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UPDATE: Front page story in the Post today, draft has been released ahead of public consultations in January. 17/12/10
A recent Cambodia Daily article (off-line only) reports on the long-anticipated NGO Law, currently being drafted by the Ministries of Interior and Foreign Affairs. The article is based on a presentation given in mid-August of this year, so things might have changed since then. According to the presentation, NGOs would need to report to the government on their activities, list their staff members and responsibilities, and disclose their funding sources. Without seeing the draft itself, it’s hard to say what’s new here – as NGOs presently have certain reporting and disclosure obligations.
The draft reportedly will also prohibit any financial or personnel assistance to parties, which is likely to be the most contentious issue.
The government has kept a fairly tight-lid on the draft, but has promised to release it to NGOs for comment ahead of a public workshop, to be held as early as next month. Therefore if you are considering commencing the process to set up an NGO in Cambodia, it may be wise to delay the process as there may be more certainty about the legal framework by early next year.
As the new Inter-Country Adoption Law is to be implemented in early 2011, many potential parents are wondering how it will affect them. One major change from the former adoption practice is that all inter-country adoptions must now be handled by authorized agencies. Unauthorized private companies and orphanages can no longer handle inter-country adoptions directly.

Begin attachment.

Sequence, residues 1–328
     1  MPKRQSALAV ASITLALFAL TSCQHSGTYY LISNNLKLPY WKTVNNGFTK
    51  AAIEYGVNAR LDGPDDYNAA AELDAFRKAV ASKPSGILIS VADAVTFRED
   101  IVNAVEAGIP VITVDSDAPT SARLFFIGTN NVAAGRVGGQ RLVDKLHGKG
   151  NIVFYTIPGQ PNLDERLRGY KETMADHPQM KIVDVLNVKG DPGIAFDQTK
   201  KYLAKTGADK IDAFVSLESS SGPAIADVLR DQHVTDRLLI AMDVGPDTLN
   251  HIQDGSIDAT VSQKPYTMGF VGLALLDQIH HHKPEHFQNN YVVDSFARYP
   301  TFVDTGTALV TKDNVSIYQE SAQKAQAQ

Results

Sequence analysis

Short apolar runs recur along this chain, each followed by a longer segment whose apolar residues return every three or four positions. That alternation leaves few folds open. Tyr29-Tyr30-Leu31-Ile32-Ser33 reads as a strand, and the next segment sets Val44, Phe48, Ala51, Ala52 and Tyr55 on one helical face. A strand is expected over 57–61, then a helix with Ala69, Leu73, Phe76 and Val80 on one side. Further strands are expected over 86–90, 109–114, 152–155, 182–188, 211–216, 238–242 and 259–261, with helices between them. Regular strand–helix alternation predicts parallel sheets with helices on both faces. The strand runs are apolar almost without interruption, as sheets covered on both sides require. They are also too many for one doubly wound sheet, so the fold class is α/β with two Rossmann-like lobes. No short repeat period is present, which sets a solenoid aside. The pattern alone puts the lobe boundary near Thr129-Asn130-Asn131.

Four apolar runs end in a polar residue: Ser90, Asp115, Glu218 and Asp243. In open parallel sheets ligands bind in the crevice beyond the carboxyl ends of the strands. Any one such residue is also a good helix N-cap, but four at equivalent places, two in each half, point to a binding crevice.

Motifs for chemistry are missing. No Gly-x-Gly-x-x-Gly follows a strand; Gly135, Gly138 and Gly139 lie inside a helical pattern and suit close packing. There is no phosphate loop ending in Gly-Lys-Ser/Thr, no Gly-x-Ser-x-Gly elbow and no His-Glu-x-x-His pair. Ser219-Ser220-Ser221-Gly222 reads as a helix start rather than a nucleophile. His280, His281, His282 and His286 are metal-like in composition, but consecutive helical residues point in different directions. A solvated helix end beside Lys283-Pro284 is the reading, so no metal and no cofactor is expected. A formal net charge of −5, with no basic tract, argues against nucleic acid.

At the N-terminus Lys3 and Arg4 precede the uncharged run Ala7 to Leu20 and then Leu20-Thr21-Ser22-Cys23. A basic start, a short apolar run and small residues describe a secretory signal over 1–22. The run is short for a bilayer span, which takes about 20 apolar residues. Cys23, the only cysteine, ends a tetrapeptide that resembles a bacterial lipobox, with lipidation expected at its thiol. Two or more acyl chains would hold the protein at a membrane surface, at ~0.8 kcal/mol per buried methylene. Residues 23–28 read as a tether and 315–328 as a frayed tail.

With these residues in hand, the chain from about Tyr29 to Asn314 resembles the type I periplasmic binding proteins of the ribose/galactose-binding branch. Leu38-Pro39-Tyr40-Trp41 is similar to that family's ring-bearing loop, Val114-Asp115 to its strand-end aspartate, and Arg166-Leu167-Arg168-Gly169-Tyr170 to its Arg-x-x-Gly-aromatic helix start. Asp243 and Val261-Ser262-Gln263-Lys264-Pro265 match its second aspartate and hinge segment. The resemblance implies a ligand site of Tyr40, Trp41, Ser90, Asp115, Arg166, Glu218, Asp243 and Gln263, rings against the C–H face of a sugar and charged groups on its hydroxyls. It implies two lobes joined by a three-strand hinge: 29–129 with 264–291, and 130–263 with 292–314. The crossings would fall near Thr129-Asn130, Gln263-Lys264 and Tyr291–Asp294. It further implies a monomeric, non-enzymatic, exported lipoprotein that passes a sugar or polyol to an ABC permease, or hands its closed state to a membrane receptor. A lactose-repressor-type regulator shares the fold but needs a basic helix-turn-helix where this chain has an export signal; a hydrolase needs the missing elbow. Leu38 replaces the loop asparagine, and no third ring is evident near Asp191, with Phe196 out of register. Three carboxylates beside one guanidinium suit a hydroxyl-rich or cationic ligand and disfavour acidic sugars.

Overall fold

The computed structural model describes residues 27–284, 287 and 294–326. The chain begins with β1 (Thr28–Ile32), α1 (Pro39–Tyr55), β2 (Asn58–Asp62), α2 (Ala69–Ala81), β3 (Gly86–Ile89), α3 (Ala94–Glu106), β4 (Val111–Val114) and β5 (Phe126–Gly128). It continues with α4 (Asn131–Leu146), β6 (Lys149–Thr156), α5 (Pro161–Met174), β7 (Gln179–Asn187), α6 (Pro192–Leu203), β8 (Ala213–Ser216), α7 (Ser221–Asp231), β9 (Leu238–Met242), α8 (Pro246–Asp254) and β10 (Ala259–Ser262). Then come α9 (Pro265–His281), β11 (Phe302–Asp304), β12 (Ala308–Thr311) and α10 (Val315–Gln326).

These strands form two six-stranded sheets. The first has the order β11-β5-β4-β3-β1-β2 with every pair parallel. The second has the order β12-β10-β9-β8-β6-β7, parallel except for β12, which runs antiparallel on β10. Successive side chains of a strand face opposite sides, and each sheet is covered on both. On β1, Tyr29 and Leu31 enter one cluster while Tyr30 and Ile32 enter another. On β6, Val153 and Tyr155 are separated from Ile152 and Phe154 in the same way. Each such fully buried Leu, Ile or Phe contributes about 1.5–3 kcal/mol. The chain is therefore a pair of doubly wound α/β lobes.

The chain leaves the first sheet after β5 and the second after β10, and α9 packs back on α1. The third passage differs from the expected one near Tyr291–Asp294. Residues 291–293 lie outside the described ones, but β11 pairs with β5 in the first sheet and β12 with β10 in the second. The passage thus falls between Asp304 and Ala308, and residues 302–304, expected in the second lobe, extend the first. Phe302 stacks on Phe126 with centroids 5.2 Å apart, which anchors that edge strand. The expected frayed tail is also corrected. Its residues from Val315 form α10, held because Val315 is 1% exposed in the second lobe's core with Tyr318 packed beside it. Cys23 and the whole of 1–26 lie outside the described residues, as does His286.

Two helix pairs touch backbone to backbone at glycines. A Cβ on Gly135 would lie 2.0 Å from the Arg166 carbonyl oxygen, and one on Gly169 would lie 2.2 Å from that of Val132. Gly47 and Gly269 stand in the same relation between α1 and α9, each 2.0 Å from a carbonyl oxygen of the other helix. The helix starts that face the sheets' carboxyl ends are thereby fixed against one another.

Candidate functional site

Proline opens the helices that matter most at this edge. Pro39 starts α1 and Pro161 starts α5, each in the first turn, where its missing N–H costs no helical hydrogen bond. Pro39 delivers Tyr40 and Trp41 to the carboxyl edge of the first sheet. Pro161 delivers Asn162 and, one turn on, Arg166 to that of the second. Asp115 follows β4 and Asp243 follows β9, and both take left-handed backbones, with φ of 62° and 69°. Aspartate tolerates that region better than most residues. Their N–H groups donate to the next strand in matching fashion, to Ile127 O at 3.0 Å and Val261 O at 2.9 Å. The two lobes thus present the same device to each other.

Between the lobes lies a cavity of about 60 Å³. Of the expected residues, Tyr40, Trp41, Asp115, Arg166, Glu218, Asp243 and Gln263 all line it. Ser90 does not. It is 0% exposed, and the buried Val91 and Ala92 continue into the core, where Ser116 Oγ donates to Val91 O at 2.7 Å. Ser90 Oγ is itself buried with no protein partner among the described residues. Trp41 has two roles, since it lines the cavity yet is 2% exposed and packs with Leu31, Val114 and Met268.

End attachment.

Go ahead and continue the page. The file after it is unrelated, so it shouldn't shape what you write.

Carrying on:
The Cambodian government has already begun to accept applications for inter-country adoption agencies. For more information on how to register as an inter-country adoption agency, please refer to this publication.
A common question that has arisen is ‘what about expats in Cambodia looking to adopt?’ They, too, are required to adopt through an inter-country adoption agency. For the agencies that open abroad, they are required to have a representative office in Cambodia. The expats in Cambodia will then apply with their home country’s office.
The use of inter-country agencies will surely cause the adoption process in Cambodia to take longer and be more expensive. However, it will also ensure that both parents and agencies are thoroughly screened and closely monitored to prevent child-trafficking. After all, the most important interests to look after are those of the children.
The Cambodian labor law sets out two types of contracts: fixed duration and unspecified duration. The difference is relatively simple, but matters greatly on a number of issues – particularly the way in which the contract may be terminated (more on that in a future post, and in our recent guide).
A fixed duration contract requires three things:
– A written contract
– Precise commencement and termination dates
– A duration, including any renewals, of less than two years
If any of these three points is missing, it’s automatically an unspecified duration contract. The real catch here is the two-year limit. Many employers mistakenly keep having their employees sign one-year renewals, believing they’re still on a fixed duration.
Well, after the employee hits the two-year mark, the law automatically considers it of unspecified duration. The contract might specify certain things about notice and termination, but if it ever came to a dispute over these provisions, a court would likely throw them out and replace them with the labor law rules.
Employers just need to be aware of when employees hit the two-year mark, and have them sign a contract of unspecified duration.